“Although small in scale, this cut is however important in squaring the group’s strategy, which has this year alone swung from price focused cuts, to market-share recapture, to internal price war to finally a record large cut,” Goldman Sachs’ Damien Courvalin wrote in a note to clients Friday.
– CNBC’s Brian Sullivan and Michael Bloom contributed reporting.
Unemployment rate increases in Alberta despite more jobs: StatCan – CTV News
Alberta gained 28,000 jobs in the month of May, according to the latest Labour Force Survey released Friday morning from Statistics Canada.
The increase in employment follows a cumulative decline of 361,000 jobs from February to April.
Alberta’s job increases were entirely driven by the services-producing sector after the province allowed some businesses such as restaurants and non-essential shops to reopen as of May 14.
The unemployment rate in the province increased by 2.1 percentage points to 15.5 per cent, which is now the second highest in the country behind Newfoundland and Labrador at 16.3 per cent.
Nationwide, the average rate of unemployment is now 13.7 per cent, topping the previous high of 13.1 per cent set back in December 1982.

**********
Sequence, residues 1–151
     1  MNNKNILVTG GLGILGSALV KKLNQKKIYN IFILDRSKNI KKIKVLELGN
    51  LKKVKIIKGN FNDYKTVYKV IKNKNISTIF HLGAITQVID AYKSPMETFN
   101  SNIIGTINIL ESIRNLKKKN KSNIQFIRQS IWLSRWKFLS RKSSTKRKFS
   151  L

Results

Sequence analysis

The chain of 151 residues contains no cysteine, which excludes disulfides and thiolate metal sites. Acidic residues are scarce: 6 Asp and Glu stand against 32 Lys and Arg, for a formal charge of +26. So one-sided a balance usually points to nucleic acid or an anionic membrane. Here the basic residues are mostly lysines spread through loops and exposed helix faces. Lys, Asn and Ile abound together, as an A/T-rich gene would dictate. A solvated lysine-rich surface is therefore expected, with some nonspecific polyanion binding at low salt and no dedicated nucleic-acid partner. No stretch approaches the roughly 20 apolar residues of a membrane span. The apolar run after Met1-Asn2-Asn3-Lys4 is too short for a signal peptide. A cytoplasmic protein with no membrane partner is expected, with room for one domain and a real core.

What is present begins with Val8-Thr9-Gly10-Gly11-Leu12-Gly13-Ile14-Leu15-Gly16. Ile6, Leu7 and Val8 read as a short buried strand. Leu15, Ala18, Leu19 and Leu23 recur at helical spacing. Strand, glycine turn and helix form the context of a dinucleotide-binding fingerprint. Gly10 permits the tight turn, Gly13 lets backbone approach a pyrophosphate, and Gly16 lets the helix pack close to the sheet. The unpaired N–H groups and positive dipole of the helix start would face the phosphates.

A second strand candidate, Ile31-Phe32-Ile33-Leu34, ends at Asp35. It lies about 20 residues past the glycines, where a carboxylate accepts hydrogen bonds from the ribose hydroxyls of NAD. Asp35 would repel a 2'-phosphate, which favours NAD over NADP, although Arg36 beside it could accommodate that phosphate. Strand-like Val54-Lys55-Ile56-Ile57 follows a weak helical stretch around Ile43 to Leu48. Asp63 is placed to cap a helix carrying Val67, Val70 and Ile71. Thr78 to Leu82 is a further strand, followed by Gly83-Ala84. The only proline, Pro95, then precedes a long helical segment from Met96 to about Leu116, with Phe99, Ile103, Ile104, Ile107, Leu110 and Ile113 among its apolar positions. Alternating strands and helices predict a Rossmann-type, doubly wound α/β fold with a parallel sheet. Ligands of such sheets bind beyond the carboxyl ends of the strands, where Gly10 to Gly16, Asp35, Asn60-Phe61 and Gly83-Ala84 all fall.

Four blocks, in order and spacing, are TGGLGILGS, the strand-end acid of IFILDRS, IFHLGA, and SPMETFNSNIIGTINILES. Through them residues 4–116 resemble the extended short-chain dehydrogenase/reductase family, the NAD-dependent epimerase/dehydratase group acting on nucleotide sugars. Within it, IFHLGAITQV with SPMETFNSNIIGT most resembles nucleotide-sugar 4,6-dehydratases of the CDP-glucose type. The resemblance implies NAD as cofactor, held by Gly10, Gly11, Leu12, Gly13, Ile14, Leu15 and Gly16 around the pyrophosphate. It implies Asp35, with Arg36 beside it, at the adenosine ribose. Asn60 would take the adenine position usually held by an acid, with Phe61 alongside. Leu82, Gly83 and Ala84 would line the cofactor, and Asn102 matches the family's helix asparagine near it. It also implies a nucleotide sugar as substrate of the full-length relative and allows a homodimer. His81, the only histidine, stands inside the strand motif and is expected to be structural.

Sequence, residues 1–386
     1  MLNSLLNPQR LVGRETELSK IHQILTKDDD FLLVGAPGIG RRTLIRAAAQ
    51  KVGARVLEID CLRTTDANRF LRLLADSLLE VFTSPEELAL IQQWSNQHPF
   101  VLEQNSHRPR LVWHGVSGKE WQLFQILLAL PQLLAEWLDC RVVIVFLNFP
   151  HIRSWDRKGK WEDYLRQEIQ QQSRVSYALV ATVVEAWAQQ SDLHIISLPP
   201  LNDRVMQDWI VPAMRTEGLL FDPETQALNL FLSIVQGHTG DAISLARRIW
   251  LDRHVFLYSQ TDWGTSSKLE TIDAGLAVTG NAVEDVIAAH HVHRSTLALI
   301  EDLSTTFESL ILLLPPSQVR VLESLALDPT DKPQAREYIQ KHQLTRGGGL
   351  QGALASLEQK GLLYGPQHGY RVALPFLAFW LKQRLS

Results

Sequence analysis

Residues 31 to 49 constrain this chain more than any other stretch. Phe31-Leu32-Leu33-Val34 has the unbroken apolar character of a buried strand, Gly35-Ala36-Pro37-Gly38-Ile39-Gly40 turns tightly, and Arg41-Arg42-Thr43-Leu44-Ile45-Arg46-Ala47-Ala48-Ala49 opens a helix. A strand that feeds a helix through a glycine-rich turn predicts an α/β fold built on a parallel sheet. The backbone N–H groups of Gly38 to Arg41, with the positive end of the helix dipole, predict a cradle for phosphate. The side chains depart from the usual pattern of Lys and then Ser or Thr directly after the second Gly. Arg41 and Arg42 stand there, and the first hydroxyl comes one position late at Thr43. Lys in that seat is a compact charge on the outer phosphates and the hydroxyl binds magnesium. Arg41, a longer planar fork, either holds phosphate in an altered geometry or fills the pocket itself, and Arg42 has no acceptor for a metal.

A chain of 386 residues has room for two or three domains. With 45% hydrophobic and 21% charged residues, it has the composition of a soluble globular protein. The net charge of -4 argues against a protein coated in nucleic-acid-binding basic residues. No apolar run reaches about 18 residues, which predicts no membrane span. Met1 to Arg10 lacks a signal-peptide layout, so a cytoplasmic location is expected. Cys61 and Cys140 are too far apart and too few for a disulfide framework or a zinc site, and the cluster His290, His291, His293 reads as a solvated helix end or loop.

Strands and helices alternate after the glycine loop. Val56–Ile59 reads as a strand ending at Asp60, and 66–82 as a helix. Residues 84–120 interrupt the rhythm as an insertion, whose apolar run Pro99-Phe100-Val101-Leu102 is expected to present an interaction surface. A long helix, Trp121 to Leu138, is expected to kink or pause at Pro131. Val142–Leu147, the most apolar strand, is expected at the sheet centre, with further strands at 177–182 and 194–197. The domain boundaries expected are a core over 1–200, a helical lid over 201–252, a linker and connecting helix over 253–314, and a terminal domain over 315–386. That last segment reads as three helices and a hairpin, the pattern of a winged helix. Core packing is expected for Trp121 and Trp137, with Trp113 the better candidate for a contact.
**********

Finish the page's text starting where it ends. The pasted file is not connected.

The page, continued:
Canada added a total of 290,000 jobs across the country. According to Statistics Canada data, the total number of hours worked is increasing at a faster pace than employment.
Total hours worked across all industries grew by 6.3 per cent in May, compared with an increase of 1.8 per cent (290,000 jobs) in employment.
Alberta Economic Recovery Plan
In response to one of the most dramatic economic downturns in Alberta’s history, the provincial government will start rolling out an economic recovery plan later this month focused on cultivating key industries.
Premier Jason Kenney said last week that Alberta’s strategy will take a “pedal to the metal” approach to diversification after a steep decline in the price of oil.
On Monday, Finance Minister Travis Toews announced that his financial blueprint will be centred on growing sectors such as energy, agriculture, technology and petrochemical manufacturing.
A recent study from the Conference Board of Canada projects Alberta will see its economy shrink by 6.8 per cent this year.
Toews called that report realistic and noted the downturn will be measured in months not weeks.
Canadian government pushes 3500MHz spectrum auction to June 15, 2021 – MobileSyrup
In light of the ongoing COVID-19 pandemic, the government announced that it has postponed the 3500MHz spectrum auction by six months.
The new date for the auction is now June 15th, 2021. Several of the other key dates associated with the auction are listed on the government’s site since they’ve also been pushed back by six months.
“Canada’s telecommunications service providers are doing their part in this difficult time, providing essential services to keep Canadians connected as we face the realities of the COVID-19 pandemic together. A number of providers have raised concerns, and the Government is implementing measures to address them,” said Navdeep Bains, Minister of Innovation, Science and Industry.